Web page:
Moreover, the EA-18G could offer the JASDF a potent suite of capabilities, particularly if the aircraft is delivered with the Raytheon AN/ALQ-249 Next Generation Jammer pod which is outfitting the US Navy’s (USN) and RAAF’s EA-18Gs. The AN/ALQ-249 will be deployed with the USN via a series of blocks offering ever-increasing levels of capability. Block-1, providing mid-band jamming, will debut from 2020/21 with Block-2 providing jamming for low-band frequencies being spun onto the AN/ALQ-249 from 2022, and Block-3, jamming undisclosed high-band frequencies following in 2024.

Reports add that an open architecture design philosophy will allow the AN/ALQ-249 to relatively easily integration of new software and hardware to detect and jam emerging Radio Frequency (RF) threats in the future as and when these are determined. The EA-18G’s communications jamming functions will be assumed by Raytheon’s AN/ALQ-227 system. This latter capability could ease enable future participation of the JASDF in coalition counter-insurgency operations where the jamming of insurgent communications, and their use of the radio segment of the electromagnetic spectrum for the activation of improvised explosive devices could be required.

Regarding the aircraft’s potential kinetic capabilities, the EA-18G acquisition could pave the way for the possible purchase of Orbital ATK’s AGM-88E High Speed Anti-Radiation Missile (HARM) which can equip the aircraft. This air-to-ground weapon adds a number of improvements to the legacy Raytheon AGM-88C HARM variant including an improved RF homing seeker and the addition of a millimetric wave radar sensor.

The new RF homing seeker improves the field-of-view of the seeker used in the AGM-88C and sharpens its detection capabilities for hostile ground-based air surveillance radars. The millimetric wave radar sensor, meanwhile, provides high resolution imagery of the missile’s end game which will provide a useful analytical tool for post-sortie analysis of the accuracy of the attack. This weapon is being acquired by the USN and the Aeronautica Militaire (Italian Air Force). In addition to the AGM-88E, the aircraft could deploy Raytheon’s AGM-88F HARM which too confers a number of improvements on the legacy AGM-88 missile, including the so-called HARM Control Section Modification (HCSM) which adds a Global Positioning System/Inertial Navigation System (GPS/INS) to the missile to counter the so-called ‘switch off’ tactic by which radar operators deactivate their ground-based air surveillance radar in the hope of breaking an anti-radiation missile’s lock on its RF transmissions. The addition of the GPS/INS will allow the missile to be programmed with the radar’s geographical location rendering the switch off tactic void.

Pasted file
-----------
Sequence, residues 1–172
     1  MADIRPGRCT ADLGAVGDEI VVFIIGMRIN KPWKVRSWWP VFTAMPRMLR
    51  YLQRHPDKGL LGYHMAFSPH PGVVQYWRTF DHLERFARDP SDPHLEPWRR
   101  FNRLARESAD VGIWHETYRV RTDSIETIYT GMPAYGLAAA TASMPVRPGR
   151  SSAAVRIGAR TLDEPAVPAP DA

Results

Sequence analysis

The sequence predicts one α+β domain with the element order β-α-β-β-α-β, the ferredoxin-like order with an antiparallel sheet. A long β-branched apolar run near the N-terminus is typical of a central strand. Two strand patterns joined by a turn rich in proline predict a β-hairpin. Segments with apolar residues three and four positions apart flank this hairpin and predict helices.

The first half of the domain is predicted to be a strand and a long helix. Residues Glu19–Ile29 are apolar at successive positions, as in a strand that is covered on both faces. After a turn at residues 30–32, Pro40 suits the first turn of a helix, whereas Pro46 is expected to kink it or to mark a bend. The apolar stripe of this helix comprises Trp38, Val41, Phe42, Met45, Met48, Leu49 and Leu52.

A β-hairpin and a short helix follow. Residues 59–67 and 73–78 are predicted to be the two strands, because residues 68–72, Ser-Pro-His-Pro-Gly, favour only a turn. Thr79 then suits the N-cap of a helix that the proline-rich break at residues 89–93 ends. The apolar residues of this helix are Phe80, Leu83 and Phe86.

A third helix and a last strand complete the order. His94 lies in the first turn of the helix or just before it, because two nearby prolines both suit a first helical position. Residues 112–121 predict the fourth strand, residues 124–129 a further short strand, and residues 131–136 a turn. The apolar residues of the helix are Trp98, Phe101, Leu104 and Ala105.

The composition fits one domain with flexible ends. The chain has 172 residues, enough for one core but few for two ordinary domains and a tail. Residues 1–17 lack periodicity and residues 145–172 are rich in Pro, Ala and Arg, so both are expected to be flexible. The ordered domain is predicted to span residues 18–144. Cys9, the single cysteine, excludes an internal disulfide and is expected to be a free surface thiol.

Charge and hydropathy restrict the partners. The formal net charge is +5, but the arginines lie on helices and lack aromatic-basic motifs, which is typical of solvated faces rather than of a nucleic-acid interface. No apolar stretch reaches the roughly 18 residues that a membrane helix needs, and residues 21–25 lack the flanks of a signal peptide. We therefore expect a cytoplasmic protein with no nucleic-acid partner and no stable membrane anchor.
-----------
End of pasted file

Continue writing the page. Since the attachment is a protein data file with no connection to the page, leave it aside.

Moreover the GPS/INS allows the missile to be pre-programmed with zones of exclusion where the missile is not permitted to fly, reducing the possibility of the missile inadvertently hitting a civilian target and causing collateral damage. This latter issue is an important consideration: Media reports stated that during NATO's ALLIED FORCE air campaign over Serbia and Kosovo a rogue AGM-88B accidentally hit a suburb of the Bulgarian capital Sofia on 29 April 1990, destroying a house, hitting a car and causing damage to other houses.

The potential EA-18G acquisition will have two important impacts for future Japanese air operations: Firstly it provides an electronic attack capability to supplement the JASDF’s existing NAMC YS-11EA/EB EW and ELINT gathering aircraft. Secondly the EA-18G will provide a robust tactical EW capability to help protect and escort the JASDF’s forthcoming fleet of Lockheed Martin F-35A LIGHTNING II fighters which the force has an order, as well as providing an operational level EA capability to support coalition high-intensity and counter-insurgency air operations. Thus, the advent of the EA-18G in JASDF could represent a subtle, but nonetheless important, step change in the country’s air power posture.


ramana
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Re: International Aerospace Discussion

Postby ramana » 09 Jan 2018 20:29

Watch the news about SpaceX, Northrop Grumman Zuma satellite failure. Will learn a lot about satellite launch intricacies.

brar_w
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Posts: 6511
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Re: International Aerospace Discussion

Postby brar_w » 09 Jan 2018 20:46

Expect some classification veil to get lifted as this goes through the various committees if initial reports are indeed correct.

nachiket
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Re: International Aerospace Discussion

Postby nachiket » 10 Jan 2018 06:29

Locked. Continue on the new thread here: viewtopic.php?f=3&t=7625